Inlet Installation

Once all the planning is done, our techs will start working their magic to bring your central vacuum system to life. They usually start by installing the wall and floor inlets. They do this by first tracing the bracket on the wall and then using an assortment of tools to cut an opening. After making an opening, they drill the floor below it, leaving the drill bit in place. The drill bit acts as a marker which helps when drawing wires and pipes from below (usually the basement). A marker of some sort is always used as it’s quite easy to get lost when running pipes. Once the inlets are fixed in place, our specialists will start working on the wiring before moving onto the pipes. Working with wires is much easier and less time-consuming because of its flexible nature. However, any damages to them will cause the entire system to malfunction. Therefore, we take special care when handling the signal lines.

Running The Pipes

After fixing the inlets and drawing the wires, it’s now time to run the pipes. Pipe placement is probably the toughest part when installing a central vacuum system. It’s also the most likely to fail. Bad piping will cause leaks which will then lead to higher energy consumption. So, to avoid any slip-ups we take the piping process in steps. We first cut the required length of pipe for the different inlets. The lengths are usually measured during planning. We then smooth the newly cut pipe ends so that there aren’t any burrs. Smooth pipe ends stick better, preventing them from splitting in the long run. Once the pipes are ready, we feed them into the wall, gradually connecting every inlet to the system. We use the makers to guide our way and various pipe joints to maneuver within the walls.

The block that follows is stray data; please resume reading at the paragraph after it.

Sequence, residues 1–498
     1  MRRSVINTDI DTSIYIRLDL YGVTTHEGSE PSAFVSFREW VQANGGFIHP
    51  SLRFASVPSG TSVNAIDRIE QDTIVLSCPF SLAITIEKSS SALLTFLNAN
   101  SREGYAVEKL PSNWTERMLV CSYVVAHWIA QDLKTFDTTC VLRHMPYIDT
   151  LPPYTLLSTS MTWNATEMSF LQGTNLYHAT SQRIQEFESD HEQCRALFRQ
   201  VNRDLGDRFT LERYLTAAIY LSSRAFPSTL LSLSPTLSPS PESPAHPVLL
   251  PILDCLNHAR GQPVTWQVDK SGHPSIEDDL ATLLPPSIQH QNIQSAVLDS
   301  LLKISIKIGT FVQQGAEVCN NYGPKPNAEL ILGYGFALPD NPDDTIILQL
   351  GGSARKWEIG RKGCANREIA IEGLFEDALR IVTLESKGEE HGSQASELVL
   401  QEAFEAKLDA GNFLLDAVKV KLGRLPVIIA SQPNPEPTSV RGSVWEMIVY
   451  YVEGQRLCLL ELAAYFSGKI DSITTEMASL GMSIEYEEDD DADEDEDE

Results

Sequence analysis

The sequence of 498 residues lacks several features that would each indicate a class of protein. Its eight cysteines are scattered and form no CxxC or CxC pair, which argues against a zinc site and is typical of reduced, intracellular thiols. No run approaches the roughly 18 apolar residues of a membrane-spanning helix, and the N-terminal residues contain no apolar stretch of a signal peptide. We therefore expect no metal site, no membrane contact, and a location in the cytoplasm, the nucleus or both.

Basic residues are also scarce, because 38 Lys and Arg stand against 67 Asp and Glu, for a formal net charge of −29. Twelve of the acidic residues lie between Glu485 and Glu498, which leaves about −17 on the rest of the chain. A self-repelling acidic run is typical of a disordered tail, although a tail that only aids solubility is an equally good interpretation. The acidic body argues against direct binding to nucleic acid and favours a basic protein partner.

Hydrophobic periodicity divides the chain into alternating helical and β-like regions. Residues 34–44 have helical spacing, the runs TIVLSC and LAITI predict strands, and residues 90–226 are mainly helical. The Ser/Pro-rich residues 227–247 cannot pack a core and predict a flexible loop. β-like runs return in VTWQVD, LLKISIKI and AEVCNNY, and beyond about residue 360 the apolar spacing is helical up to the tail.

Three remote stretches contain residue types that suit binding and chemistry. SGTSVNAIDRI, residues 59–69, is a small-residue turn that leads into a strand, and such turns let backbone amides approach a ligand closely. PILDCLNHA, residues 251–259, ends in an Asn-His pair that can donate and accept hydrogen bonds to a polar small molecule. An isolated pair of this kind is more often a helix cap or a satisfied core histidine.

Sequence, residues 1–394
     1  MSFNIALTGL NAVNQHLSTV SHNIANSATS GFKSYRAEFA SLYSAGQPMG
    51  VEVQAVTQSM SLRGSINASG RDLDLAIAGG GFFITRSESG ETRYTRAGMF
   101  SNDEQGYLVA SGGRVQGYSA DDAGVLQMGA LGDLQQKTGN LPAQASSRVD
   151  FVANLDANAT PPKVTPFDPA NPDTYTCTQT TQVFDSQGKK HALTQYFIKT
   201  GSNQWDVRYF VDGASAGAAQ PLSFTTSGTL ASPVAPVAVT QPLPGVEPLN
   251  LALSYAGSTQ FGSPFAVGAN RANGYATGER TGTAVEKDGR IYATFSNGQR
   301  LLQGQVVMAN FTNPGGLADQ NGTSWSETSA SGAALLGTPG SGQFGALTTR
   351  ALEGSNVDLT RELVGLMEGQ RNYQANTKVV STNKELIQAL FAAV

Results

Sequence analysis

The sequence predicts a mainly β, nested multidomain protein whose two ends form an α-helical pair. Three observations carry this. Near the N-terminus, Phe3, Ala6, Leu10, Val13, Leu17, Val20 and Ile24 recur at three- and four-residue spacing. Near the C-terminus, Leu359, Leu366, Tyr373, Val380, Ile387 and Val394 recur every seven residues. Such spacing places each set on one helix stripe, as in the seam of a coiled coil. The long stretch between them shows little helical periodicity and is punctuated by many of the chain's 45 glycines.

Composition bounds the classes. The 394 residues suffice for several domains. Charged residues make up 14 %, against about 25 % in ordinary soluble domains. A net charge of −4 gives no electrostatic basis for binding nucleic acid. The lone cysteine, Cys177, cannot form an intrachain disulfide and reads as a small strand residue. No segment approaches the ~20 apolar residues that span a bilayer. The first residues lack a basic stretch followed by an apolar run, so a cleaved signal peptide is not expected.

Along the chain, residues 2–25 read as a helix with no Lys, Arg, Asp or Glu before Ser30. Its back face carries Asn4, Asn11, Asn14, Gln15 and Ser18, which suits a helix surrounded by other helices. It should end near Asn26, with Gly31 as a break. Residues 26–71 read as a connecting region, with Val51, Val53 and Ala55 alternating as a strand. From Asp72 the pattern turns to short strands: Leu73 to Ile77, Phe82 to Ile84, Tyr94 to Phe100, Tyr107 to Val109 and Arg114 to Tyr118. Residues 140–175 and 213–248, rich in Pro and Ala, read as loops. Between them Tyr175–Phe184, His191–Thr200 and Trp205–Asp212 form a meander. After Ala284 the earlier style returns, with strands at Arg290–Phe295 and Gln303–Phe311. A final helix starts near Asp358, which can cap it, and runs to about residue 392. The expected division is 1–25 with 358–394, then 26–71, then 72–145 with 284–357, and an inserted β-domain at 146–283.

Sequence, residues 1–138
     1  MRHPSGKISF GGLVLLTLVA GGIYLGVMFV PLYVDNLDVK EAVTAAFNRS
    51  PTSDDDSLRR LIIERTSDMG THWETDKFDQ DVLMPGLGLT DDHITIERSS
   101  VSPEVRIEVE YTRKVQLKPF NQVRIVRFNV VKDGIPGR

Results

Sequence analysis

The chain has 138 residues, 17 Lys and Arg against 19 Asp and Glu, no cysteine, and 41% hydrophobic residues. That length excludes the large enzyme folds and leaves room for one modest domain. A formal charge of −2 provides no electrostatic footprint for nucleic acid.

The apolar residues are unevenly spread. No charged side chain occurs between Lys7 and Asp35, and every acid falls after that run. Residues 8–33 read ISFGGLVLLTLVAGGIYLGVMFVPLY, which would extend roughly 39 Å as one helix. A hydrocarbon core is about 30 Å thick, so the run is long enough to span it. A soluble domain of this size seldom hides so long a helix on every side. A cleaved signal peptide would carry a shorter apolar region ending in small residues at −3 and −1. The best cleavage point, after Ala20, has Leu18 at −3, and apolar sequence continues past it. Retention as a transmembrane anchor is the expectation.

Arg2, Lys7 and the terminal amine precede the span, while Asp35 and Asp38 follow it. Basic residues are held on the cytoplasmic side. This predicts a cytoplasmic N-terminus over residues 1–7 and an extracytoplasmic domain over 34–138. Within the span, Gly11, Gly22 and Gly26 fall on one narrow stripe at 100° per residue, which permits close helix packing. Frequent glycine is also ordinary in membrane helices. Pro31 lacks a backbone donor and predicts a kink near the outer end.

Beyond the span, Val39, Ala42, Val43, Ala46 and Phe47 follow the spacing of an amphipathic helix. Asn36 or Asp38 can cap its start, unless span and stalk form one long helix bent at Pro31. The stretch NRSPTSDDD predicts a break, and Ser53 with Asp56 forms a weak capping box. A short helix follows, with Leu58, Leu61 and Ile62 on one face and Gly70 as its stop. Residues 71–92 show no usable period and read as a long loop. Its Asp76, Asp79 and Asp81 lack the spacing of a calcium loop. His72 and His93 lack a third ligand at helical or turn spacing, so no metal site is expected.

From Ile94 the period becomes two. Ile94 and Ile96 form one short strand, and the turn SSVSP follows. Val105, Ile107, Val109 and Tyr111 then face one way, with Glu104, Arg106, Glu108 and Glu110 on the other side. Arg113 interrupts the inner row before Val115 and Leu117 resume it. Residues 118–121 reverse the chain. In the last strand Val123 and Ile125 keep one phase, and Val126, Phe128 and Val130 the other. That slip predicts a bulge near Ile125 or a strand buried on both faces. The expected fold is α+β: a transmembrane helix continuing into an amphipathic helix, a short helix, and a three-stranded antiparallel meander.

Installing The Central Vacuum Unit

All the pipes and wires lead to the Central Vacuum unit, so it needs to be installed right. It is the “brain” of the entire system. And any issues with it will render the entire installation useless. Our techs carry out the installation of the primary unit by mounting it onto the wall. The position it’s installed depends on how easy it is to connect the pipes and wires coming in. Each incoming line needs to be connected to the canister inlets. We usually use a “sweep tee” or a “t-joint” to combine the incoming lines. This is because most homes only have two primary lines, which are the attic and basement lines. However, the design can change depending on the establishment.

A Test Run

Once all the joints and components of the central vacuum system are in place, we give it one final examination. Each connection is examined and stress-tested to make sure that they are firmly in place. We then pack up our things and leave. Just kidding!!! No central vacuum installation process is complete without a test run. So, after a thorough inspection of the system’s installation, we give it a test run. Here, we assess the system for leaks. We also assess the suction power of each inlet. And once we are satisfied with the system’s performance, we hand back your home with a newly installed central vacuum for you to enjoy.